Can your adult child inherit your home in a 55+ community?

  1. Home
  2.  → 
  3. Estate Planning
  4.  → Can your adult child inherit your home in a 55+ community?

Can your adult child inherit your home in a 55+ community?

On Behalf of | Aug 23, 2022 | Estate Planning

As the number of seniors increases, so do the number and variety of 55+ communities. From neighborhoods with single-family homes to luxury high-rise condos, New York has something for everyone who wants to downsize a bit and leave some of the maintenance and other responsibilities of home ownership to others.

As you start to develop your estate plan or maybe make some long-overdue updates, you know that your home is one of your largest assets. Can you leave it to one of your children even if they’re well under the minimum age? Do they want it?

Let’s say that one of your adult children who’s got a few years or more before they hit 55 would like it. Are they allowed to live there?

Review the CC&Rs

To find out, you’ll need to look at the covenants, conditions, and restrictions (CC&Rs) documents you received when you bought the home. This will address the homeowners’ association (HOA) rules regarding residents under 55 (or other age restrictions).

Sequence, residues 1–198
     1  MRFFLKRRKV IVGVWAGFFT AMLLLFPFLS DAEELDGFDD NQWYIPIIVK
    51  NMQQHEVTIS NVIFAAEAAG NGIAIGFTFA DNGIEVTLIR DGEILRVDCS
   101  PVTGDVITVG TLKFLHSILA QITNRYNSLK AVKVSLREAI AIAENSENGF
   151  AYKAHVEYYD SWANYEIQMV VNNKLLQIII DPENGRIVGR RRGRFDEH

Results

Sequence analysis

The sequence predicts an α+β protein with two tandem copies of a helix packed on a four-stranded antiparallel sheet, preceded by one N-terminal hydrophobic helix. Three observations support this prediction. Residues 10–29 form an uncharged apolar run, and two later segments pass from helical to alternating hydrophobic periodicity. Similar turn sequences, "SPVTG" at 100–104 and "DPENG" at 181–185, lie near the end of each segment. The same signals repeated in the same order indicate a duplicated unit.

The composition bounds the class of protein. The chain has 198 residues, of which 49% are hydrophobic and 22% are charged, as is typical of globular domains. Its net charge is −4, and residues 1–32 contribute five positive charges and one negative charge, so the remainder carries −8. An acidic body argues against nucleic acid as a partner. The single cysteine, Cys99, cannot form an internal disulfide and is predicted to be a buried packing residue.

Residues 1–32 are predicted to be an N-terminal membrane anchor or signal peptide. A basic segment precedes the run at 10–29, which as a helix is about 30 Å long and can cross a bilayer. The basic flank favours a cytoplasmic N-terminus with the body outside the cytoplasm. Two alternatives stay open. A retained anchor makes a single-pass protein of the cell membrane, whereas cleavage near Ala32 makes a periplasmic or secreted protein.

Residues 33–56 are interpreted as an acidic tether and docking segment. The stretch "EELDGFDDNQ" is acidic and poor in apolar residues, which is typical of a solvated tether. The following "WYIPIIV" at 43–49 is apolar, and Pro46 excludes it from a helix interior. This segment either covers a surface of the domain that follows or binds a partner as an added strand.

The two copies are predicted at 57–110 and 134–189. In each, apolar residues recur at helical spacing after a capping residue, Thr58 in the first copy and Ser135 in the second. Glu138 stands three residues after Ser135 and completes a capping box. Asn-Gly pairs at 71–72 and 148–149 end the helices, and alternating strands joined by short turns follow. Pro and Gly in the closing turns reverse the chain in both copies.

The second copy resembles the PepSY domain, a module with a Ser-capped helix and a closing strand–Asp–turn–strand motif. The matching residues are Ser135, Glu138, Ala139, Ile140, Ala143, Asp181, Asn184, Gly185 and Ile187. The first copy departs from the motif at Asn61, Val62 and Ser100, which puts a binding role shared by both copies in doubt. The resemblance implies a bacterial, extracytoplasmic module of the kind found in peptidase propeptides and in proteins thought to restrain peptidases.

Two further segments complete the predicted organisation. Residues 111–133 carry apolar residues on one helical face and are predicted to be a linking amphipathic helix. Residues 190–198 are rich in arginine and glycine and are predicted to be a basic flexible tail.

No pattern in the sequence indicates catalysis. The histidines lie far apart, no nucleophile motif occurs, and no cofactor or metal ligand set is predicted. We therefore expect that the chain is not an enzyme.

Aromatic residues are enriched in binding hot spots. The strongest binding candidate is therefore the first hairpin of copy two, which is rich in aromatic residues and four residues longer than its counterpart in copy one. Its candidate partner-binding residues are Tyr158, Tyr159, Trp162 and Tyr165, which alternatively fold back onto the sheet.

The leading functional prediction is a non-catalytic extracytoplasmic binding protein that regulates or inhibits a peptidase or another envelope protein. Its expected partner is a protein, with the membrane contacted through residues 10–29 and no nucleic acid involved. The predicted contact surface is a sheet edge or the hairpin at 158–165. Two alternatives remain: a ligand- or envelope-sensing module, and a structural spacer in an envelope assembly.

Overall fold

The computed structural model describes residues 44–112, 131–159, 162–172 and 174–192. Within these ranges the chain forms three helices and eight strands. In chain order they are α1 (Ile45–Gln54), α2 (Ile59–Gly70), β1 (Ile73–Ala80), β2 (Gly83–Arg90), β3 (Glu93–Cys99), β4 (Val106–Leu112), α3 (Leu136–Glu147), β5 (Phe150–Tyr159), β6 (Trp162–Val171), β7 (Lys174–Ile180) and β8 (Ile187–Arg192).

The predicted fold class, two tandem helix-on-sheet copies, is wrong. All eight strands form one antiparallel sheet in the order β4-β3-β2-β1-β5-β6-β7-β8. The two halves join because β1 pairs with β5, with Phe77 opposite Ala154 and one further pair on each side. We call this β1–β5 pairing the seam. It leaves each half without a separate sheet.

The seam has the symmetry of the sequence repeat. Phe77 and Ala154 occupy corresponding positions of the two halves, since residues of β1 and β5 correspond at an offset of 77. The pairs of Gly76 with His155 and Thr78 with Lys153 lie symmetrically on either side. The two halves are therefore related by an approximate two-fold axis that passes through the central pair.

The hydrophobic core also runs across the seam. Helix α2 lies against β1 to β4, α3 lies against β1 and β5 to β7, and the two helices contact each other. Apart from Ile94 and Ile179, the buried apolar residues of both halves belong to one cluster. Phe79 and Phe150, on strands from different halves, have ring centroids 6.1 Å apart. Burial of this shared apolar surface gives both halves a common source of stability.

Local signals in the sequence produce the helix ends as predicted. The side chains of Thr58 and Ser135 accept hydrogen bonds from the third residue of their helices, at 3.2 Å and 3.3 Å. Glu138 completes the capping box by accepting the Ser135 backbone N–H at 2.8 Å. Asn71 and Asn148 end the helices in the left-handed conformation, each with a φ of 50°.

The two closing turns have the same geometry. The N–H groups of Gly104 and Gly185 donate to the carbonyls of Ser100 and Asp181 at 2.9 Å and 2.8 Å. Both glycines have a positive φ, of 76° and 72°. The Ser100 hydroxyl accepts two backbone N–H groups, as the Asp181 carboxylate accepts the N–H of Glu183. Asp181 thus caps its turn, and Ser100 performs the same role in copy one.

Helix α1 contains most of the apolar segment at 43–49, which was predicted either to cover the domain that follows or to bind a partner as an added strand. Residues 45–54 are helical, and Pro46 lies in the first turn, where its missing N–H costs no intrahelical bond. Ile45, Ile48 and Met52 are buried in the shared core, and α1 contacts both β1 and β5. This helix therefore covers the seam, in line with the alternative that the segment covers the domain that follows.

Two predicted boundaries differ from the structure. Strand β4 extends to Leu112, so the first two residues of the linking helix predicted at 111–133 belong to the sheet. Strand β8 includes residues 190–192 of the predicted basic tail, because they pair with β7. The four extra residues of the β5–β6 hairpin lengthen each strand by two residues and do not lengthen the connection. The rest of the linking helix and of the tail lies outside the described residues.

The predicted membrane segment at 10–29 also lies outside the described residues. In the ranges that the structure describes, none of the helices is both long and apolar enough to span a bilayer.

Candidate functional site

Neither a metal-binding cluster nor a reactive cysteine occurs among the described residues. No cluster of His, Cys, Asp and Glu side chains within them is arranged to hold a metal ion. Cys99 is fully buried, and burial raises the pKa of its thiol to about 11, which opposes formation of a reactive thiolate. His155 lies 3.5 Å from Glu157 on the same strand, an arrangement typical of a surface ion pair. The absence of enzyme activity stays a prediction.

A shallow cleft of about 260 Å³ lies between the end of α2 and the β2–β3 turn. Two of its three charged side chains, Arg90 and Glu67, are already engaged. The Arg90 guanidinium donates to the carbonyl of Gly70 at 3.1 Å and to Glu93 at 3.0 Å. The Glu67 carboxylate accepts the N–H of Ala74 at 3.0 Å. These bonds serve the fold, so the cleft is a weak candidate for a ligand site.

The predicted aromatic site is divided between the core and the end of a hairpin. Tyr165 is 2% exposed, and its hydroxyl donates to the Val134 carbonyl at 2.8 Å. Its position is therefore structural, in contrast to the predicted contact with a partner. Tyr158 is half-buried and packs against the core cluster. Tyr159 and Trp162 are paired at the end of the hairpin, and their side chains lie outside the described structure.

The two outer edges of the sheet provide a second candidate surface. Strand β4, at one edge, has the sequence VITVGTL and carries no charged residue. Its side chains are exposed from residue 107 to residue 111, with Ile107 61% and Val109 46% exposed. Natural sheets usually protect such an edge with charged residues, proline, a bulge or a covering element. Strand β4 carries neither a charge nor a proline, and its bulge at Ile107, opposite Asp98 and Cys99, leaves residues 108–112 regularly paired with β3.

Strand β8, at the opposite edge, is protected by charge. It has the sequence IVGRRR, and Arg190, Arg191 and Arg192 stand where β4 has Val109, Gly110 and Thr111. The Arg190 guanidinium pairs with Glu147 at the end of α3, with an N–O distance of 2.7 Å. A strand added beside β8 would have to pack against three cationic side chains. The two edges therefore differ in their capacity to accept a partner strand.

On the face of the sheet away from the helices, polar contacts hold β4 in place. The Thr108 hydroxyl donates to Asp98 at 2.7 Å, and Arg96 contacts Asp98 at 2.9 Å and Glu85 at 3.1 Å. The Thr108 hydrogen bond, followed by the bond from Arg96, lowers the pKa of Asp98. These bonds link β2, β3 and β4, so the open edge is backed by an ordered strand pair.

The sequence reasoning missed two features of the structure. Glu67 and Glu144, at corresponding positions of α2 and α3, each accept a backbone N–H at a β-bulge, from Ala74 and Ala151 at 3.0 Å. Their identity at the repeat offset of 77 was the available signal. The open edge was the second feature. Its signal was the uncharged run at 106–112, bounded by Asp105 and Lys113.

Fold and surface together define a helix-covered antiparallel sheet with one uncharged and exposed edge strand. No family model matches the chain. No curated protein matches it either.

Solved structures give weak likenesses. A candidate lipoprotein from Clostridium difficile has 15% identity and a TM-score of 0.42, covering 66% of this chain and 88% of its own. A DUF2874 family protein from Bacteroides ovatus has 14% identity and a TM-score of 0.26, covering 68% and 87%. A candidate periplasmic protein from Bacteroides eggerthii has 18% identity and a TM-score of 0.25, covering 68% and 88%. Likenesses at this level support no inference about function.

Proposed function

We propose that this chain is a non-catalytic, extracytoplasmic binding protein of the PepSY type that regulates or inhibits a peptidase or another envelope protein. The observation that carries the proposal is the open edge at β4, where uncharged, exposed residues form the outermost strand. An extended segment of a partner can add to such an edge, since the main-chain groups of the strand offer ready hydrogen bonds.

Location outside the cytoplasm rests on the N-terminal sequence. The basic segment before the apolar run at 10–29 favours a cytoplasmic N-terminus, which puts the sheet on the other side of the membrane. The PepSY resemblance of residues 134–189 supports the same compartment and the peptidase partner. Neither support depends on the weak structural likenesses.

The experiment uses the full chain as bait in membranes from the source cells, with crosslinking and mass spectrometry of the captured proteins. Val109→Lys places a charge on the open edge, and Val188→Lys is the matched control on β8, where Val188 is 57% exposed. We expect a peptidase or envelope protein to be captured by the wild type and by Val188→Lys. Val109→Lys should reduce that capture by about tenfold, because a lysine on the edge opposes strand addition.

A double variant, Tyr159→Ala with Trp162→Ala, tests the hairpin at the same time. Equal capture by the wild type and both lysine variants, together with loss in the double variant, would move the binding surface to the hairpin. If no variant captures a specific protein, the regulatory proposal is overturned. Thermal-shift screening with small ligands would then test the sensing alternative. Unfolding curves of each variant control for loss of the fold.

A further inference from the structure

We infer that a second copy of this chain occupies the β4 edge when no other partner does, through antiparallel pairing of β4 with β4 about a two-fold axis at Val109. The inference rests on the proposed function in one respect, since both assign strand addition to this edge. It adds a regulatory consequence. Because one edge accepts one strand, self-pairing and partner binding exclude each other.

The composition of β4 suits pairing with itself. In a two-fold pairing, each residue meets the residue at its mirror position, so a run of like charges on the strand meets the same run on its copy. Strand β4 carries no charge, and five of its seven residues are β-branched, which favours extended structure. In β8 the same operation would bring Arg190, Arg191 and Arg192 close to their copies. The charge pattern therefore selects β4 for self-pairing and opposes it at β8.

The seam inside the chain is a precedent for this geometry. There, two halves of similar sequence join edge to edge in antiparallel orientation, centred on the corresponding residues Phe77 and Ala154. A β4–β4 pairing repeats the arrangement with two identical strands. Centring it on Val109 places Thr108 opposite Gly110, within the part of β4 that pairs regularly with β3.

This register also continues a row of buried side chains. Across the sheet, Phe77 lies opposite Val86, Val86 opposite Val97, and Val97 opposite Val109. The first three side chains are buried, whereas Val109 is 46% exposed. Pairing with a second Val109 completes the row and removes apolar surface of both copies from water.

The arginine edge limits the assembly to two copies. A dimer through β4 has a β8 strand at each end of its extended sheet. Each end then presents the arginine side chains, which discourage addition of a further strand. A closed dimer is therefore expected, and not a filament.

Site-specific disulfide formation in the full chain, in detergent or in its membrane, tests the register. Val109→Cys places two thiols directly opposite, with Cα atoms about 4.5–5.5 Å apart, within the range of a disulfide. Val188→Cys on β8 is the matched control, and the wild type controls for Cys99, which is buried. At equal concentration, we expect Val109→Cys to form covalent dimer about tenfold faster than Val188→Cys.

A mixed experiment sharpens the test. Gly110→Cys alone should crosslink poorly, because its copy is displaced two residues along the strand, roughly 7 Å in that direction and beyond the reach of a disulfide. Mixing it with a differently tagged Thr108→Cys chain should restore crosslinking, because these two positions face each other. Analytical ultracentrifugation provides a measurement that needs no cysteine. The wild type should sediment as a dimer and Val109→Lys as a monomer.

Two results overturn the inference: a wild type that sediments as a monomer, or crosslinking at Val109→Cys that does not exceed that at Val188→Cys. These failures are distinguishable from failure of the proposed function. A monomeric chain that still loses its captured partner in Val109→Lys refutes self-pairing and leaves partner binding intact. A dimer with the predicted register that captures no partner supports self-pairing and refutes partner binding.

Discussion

Many senior communities use the 80/20 rule. It mandates that 80% of the homes be occupied by those 55 and older. That means that your child can live there only if the community is not at capacity for those under 55 when you pass away.

If the adult child who would like to live there has kids, that’s another consideration. Many 55+ communities won’t allow minors. That’s typically to help maintain the quiet atmosphere most seniors are seeking. Children and teens can also drive up insurance rates.

What if your children can’t (or don’t want) to inherit your home?

Some communities don’t allow anyone under 55 to live there. If that’s the case, you’ll need to detail other wishes for your home. Many people designate that their home be sold, and the assets go to the estate before the estate assets are distributed as you designate.

Even if you don’t live in an age-restricted community, it’s wise not to leave your home directly to a child or other family member without discussing it with them first. With sound legal guidance, you can make the best decisions on this and other estate planning matters for your family.

Archives

 

Share This